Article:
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Certification Terms

September 5th, 2013 | Posted by David Sheer in Uncategorized

Many of you have asked about definitions for items listed on the material certification. While there is no standard for reporting either elements or mechanical properties, Steel Supply requires full testing be performed on all of our incoming materials. This allows our inside sales representatives to let you know the properties, as well as the chemistry, on all of our items. It should be noted that different products only require certain values to be reported. If additional testing that is not available from the producing mill lab is required, we have a local source that does all of our testing and has an engineer verify the results. Here are some common terms:

Tensile Strength:
The maximum load per unit of original cross-sectional area obtained before rupture of a tensile specimen.

Yield Strength:
The stress at which a material exhibits a specified deviation from proportionality of stress and strain. An offset of 0.2% is typically used for metals.

Elongation:
The increase in length of a test specimen after rupture in a tensile test, expressed as a percentage of the original length.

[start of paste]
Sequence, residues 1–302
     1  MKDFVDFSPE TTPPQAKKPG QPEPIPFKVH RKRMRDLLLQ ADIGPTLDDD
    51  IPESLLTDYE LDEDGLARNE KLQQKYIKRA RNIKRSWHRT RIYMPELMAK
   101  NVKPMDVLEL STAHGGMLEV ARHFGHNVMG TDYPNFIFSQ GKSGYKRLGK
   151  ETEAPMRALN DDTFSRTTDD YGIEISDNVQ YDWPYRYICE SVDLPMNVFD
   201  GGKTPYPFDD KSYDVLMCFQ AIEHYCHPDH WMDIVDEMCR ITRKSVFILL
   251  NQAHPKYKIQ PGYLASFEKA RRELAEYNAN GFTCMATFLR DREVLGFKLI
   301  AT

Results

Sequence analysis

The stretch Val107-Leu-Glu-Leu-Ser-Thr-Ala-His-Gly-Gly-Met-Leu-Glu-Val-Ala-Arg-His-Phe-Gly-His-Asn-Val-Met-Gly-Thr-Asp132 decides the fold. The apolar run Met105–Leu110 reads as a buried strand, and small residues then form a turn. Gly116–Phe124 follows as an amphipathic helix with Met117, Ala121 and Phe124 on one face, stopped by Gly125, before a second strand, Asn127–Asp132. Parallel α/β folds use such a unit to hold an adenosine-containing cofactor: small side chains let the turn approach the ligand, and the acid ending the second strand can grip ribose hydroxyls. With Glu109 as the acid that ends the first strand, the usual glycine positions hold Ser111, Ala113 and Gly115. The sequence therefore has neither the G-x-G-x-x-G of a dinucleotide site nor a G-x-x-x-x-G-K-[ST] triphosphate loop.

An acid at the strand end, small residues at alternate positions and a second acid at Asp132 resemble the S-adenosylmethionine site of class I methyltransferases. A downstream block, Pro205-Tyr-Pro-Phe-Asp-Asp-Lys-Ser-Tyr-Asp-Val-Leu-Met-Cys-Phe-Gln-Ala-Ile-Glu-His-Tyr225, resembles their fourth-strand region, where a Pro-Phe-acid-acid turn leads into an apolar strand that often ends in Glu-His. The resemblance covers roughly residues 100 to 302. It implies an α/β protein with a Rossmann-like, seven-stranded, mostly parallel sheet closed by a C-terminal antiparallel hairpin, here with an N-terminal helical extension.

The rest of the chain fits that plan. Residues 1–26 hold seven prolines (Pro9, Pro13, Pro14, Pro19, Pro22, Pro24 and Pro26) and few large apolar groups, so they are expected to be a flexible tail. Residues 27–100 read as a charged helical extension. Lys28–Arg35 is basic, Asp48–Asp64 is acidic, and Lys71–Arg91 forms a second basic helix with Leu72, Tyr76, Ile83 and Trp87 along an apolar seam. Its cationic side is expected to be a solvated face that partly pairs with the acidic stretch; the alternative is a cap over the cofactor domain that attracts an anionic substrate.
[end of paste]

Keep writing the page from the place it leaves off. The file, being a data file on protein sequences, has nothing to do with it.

Reduction of Area:
The difference between the original cross-sectional area of a tensile specimen and that of the smallest area at the point of rupture.

Brinell Hardness Test:
This test consists of forcing a ball of standard diameter into the specimen under standard pressure, and then judging the hardness by the amount displaced.

Jominy End-Quench Test:
Mostly used on alloy grades, this test heats one end to a quenching temperature and then sprays water on that end which provides a rapid rate of cooling, with progressively slower cooling all the way to the other end.

Charpy Test:
This determines the notched toughness, or impact strength, of a material – usually 17-4PH Stainless Steel but also some alloys. The test gives the energy in foot pounds required to break a standard notched specimen supported at the two ends.

These tests are defined in material standards and we’ll be happy to share any information within our capabilities. The best method for any specific requirement is to have the sample tested at the independent lab.

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